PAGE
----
After slow start, Canada’s recreational marijuana sales reach new high

Adult-use cannabis sales through regulated channels in Canada reached a new high in June after meandering for much of the first half-year of legalization, according to the latest, seasonally adjusted data from Statistics Canada.

Sales of regulated adult-use cannabis surpassed 85 million Canadian dollars ($63 million) in June, an improvement over May’s CA$79 million and April’s CA$67 million.

For just the second month in a row, retail sales – in physical stores and online – grew in every province.

Ontario continued to lead with CA$25.8 million in retail revenues, followed by Quebec’s CA$18.5 million and Alberta’s CA$18.3 million.

British Columbia’s adult-use marijuana receipts rose to CA$4.1 million as consumers in that province continued to prefer nonregulated sources.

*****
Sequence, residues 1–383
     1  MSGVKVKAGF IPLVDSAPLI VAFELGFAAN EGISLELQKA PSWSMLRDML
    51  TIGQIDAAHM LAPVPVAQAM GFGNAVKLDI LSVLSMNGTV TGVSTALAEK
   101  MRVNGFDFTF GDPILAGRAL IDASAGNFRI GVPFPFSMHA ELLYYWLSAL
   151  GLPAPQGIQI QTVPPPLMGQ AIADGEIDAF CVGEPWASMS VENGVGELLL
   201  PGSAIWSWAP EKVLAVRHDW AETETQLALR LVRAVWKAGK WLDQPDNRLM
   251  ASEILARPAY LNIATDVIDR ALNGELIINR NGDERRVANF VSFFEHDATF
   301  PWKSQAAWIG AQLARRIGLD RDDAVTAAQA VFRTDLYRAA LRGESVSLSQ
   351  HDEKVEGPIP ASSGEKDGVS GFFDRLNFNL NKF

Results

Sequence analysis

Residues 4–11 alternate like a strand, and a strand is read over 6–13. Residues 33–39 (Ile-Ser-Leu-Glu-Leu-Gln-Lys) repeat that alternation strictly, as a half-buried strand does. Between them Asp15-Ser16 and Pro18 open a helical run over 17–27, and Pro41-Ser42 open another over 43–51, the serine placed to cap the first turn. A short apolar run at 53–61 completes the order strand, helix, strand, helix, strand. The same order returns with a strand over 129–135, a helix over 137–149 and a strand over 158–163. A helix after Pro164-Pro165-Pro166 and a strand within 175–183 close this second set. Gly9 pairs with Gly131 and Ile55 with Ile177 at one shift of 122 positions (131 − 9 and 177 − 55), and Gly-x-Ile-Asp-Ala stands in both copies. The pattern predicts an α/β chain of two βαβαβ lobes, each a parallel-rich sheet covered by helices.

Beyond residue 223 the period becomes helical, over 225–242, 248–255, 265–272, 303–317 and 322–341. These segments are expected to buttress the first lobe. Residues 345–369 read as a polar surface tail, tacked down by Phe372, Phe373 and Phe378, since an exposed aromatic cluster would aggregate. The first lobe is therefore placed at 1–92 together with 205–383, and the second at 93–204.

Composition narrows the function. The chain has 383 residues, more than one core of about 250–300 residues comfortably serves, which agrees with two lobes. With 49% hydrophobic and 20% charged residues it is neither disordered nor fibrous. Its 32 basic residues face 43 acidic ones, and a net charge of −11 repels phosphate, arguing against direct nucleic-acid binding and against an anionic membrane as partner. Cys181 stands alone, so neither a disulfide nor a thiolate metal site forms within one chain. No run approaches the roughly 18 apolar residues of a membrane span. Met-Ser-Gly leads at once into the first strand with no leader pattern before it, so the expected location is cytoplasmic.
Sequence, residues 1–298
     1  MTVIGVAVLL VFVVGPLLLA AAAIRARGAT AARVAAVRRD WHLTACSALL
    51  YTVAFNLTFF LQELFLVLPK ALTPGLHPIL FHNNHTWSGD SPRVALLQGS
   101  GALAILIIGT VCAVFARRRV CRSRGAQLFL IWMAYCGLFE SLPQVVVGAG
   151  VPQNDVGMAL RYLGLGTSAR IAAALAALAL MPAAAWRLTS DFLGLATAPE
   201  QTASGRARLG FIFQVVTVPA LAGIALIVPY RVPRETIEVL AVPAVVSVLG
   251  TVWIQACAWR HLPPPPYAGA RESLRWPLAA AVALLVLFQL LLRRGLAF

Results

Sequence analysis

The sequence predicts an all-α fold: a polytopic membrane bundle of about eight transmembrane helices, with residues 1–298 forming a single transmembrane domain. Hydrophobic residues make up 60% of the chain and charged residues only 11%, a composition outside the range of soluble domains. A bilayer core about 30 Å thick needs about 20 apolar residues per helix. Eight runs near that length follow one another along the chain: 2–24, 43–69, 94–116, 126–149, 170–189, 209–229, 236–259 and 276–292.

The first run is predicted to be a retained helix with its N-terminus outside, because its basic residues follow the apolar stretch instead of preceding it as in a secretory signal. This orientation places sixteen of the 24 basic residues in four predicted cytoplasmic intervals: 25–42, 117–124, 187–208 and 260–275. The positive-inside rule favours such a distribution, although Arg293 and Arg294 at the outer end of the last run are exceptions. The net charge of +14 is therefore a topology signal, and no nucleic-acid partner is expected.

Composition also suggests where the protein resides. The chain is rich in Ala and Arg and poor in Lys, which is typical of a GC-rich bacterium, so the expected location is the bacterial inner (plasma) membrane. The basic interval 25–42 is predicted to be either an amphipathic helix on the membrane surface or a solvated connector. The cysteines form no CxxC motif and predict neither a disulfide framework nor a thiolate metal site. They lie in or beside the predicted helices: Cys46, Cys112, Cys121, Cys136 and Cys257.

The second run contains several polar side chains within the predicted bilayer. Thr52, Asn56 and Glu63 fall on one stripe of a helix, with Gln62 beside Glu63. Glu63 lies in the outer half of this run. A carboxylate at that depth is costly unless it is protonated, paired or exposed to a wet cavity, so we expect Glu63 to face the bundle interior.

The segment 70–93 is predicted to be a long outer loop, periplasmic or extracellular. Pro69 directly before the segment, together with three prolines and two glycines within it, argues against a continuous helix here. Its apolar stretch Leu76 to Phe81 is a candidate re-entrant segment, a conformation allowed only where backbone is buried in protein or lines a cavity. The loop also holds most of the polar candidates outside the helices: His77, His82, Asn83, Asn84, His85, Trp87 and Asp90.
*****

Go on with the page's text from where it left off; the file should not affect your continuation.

The data shows a strong correlation between sales and physical store build-outs.

Ontario, which now has 24 stores open, encountered lousy recreational sales until its first outlets opened in April. Before that, consumers displayed a general unwillingness to rely on the government-run online sales channel.

Only a limited selection of product forms are available in Canada currently, including dried flower, oils, softgel capsules, seeds and seedlings.

That’s going to change in the coming months.

The federal government recently unveiled final regulations to enable the sale of cannabis edibles, extracts and topicals starting this fall, which will unlock what is forecast to be a multibillion-dollar regulated industry.

However, experts warn against expecting a meaningful jump in sales until 2020 as companies navigate complex regulatory hurdles and build supply chains from nearly scratch.

Statistics Canada’s monthly sales by province are available here.

Matt Lamers can be reached at